This past summer PURM provided me with the opportunity to have a closer look at the world of academic research. I had the chance to discuss ideas and work with my mentor Dr. James Pikul and my PhD student Alissa Johnson. The main goal of my project this summer was to create a novel battery that would reduce the cost of grid storage. To do this, we planned to create both a zinc-iodine battery and a zinc-air battery. The idea was that when we charged our electrode with the zinc-iodine battery, an iodine solid would form as a result of the chemical reactions occurring. Because there is a market for iodine, we hypothesized that we could sell this product to offset the cost of the battery. Then, when the energy is needed we could remove the zinc from the battery and discharge it in a low cost zinc-air battery.
Throughout the PURM experience, I was able to discover what the life of a full-time researcher does and realize my own interest in research. Although I was part of a lab throughout the school year, this experience allowed me to fully dedicate myself to my project by removing the stress and time commitments of classes and extracurriculars. With this freedom and time, I was able to truly take the project in my own hands and fully understand each step of the way. When problems would come about—as they often do in research—I was able to read research papers looking for solutions, ask for advice from others in the lab, and test my ideas by running experiments. This process allowed me to feel more involved in my work and more solidified in my understanding of the science behind the experiments. Outside of the lab, I learned how to present my research to public audiences in conversational language but also to other engineers that have either equal or more background and understanding in electrochemistry than me.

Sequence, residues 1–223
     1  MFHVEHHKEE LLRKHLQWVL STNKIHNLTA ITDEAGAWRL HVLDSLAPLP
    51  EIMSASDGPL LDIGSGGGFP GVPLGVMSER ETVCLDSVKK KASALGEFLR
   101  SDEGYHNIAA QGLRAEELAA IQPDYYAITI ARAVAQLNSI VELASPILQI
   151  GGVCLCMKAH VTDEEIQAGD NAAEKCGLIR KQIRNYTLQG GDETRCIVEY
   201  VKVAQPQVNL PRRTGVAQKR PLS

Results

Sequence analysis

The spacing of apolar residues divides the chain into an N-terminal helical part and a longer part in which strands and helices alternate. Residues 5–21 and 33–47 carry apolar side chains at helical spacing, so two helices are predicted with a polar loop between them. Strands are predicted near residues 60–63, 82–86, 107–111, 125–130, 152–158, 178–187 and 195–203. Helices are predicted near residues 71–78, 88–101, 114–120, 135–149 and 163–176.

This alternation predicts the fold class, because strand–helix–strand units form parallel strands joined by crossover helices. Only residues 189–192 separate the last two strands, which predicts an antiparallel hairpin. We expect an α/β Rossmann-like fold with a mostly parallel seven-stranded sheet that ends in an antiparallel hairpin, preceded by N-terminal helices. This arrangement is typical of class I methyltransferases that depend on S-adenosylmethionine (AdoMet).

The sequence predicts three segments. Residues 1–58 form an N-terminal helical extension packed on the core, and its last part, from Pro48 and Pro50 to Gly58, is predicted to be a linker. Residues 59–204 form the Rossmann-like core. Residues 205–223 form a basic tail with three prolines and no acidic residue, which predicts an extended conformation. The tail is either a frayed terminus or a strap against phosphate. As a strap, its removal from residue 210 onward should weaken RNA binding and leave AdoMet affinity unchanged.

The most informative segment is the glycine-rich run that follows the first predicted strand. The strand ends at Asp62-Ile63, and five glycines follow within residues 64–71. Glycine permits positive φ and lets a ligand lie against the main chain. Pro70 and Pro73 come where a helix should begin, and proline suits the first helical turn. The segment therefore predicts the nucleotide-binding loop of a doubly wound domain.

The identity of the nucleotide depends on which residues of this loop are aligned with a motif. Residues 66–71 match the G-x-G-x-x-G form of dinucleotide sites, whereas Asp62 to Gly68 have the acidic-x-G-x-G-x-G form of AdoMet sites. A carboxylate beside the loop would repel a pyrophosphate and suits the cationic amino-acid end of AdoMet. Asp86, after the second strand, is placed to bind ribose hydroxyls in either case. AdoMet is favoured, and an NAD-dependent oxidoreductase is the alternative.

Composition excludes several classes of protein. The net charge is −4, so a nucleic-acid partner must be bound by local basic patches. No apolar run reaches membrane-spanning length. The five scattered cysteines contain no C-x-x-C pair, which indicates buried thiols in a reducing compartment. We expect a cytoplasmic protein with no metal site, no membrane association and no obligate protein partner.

PURM is a great opportunity for students that are looking to dive deeper in a particular subject area or for those that are interested in graduate school/a career in research. I can safely say that I went into the summer without any idea about my post-graduation plans and am now far more confident in my abilities and interest in research.